AfroPoP: The Ultimate Cultural Exchange
About This Program
AfroPoP: The Ultimate Cultural Exchange, as a series, celebrates the cultural and historical growth that has occurred in the last generation using films tailored to a world audience from insightful, artful and often unique local perspectives. These films were carefully selected to portray a more balanced view of Africa than you’ll get on the nightly news and to provide fuel for what must be a global conversation on the present day realities and contemporary lifestyles of Africans, both on the continent and in the Diaspora.
AfroPoP is produced by Black Public Media and distributed by American Public Television. Funding provided by the National Endowment for the Arts and the Corporation for Public Broadcasting.
Episodes from Season 10
Black Panther Woman
Details the journey of Marlene Cummins, a member of the Australian Black Panther Party, and the fascinating yet little-known story of the indigenous Australian struggle for equality. Marlene also details her own struggle with addiction, the refuge she found in the arts, and her own quest to fight for women’s rights within the Black Panther Party.
Shorts Program: Lonnie Holley, Kojo and He Who Dances on Wood
An AfroPoP shorts program featuring an intimate portrait of a self-taught African-American visual artist and musical performer of Lonnie Holley from Birmingham, Alabama; the incredible story of Kojo, a twelve-year-old drumming prodigy; and follow the daily journey of Fred Nelson to find the secret joy and beauty of life in an old piece of wood.
Between 2 Shores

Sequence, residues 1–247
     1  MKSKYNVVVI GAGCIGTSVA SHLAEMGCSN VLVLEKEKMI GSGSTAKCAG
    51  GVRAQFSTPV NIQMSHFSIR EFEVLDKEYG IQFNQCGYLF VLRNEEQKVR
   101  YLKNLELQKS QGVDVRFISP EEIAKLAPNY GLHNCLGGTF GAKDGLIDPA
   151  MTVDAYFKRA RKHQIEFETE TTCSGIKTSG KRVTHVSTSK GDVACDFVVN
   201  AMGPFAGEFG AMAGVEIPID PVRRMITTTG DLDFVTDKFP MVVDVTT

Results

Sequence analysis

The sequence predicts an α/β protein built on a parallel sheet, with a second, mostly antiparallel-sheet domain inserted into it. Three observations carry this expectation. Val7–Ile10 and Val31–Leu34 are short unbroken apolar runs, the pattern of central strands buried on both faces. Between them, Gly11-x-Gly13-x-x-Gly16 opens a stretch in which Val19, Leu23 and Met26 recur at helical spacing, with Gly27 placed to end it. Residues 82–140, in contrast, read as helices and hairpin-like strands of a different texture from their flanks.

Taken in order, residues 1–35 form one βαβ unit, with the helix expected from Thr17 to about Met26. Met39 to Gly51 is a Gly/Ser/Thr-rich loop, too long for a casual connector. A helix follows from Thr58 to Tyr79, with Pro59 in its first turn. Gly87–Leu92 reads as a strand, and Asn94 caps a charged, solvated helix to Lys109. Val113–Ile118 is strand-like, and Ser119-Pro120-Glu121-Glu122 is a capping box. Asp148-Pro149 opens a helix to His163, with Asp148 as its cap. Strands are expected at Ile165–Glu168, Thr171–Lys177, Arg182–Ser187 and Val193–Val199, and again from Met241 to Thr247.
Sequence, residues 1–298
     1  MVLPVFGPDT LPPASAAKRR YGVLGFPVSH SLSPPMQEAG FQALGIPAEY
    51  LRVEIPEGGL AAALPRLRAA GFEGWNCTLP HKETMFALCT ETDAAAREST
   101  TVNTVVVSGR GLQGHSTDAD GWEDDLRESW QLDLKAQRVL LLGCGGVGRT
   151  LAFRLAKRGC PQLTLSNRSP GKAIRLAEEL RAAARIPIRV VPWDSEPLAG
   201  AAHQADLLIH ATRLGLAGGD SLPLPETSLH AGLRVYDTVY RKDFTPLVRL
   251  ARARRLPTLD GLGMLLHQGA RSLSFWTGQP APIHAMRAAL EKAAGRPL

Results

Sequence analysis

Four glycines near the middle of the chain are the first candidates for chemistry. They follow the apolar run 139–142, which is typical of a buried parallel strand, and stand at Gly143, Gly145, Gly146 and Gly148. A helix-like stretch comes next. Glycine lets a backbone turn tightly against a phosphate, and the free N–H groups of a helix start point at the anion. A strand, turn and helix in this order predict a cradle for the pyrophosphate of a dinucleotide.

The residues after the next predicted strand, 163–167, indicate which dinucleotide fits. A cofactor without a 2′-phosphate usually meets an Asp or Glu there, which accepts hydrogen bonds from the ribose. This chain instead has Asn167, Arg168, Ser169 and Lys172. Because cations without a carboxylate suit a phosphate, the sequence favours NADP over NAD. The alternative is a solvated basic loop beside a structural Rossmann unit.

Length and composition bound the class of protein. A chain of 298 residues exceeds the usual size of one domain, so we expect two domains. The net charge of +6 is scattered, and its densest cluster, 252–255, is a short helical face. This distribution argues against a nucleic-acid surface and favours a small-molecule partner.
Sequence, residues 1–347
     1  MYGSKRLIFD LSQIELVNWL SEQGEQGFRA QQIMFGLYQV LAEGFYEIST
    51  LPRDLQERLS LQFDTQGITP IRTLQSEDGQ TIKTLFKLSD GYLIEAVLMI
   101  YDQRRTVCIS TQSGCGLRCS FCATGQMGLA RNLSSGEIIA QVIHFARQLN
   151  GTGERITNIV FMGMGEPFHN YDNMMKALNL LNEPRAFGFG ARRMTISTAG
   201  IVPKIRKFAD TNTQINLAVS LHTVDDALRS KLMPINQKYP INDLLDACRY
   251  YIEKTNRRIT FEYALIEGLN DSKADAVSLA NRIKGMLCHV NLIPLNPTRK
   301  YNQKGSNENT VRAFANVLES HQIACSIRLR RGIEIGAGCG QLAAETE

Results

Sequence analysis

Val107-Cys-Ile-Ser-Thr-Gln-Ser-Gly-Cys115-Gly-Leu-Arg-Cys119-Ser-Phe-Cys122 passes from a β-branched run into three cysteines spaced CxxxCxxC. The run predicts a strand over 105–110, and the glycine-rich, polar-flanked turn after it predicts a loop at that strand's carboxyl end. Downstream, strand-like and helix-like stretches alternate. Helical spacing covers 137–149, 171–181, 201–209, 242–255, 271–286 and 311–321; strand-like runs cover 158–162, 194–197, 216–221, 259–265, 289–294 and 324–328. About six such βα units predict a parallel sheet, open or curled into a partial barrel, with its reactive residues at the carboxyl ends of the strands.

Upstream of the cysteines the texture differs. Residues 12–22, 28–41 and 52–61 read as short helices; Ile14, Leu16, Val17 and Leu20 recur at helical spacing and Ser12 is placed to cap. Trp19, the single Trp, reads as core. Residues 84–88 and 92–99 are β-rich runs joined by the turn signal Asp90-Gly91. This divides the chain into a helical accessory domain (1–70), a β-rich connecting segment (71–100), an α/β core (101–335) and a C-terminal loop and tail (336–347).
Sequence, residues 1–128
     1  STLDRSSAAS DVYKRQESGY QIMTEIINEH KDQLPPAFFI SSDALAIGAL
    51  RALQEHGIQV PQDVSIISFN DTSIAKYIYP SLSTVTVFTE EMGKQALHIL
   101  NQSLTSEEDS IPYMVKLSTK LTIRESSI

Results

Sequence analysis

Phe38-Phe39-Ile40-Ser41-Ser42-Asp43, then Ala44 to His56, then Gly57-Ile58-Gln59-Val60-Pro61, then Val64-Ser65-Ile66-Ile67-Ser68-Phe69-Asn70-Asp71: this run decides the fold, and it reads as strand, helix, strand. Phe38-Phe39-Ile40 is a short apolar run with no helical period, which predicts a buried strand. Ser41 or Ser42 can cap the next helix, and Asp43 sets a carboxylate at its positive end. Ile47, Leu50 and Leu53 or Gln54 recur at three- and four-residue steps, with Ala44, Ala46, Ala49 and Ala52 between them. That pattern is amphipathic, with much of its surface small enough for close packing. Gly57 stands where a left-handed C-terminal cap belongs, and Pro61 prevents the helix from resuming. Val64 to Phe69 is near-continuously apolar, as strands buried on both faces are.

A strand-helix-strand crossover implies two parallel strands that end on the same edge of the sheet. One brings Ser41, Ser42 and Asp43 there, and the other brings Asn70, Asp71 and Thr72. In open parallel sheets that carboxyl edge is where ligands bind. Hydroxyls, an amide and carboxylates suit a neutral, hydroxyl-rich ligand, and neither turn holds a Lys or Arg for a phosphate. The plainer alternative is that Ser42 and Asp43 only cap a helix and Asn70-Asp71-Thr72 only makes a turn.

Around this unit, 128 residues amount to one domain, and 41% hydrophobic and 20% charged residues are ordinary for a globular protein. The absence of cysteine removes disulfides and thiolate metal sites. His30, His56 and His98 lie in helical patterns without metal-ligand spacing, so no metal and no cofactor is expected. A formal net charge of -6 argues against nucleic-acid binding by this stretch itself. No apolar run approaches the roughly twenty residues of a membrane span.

Johanna and Cristina, natives of the Dominican Republic, left their homeland in search of better lives in Guadeloupe. Although both found greater opportunities, they were forced to leave their children behind. Between 2 Shores offers a poignant look at the lengths families will go to stay together and the daily battles faced by many immigrants.
10 Days in Africa: A Home Movie
An insightful and humorous look at Regi Allen's journey to West Africa. The filmmaker travels to Ghana, Senegal and Côte d'Ivoire with a group of other African Americans seeking to learn more about Africa and go beyond the stereotypes about the continent, exploring the differences and similarities between Africans and African Americans.
By acclaimed director and Haitian-born filmmaker Raoul Peck, Fatal Assistance takes viewers on a two-year journey following the 2010 earthquake that devastated the country of Haiti. The film looks at the damage done by international aid agencies whose well-meaning but erroneous assumptions turned a nightmare into an unsolvable tragedy.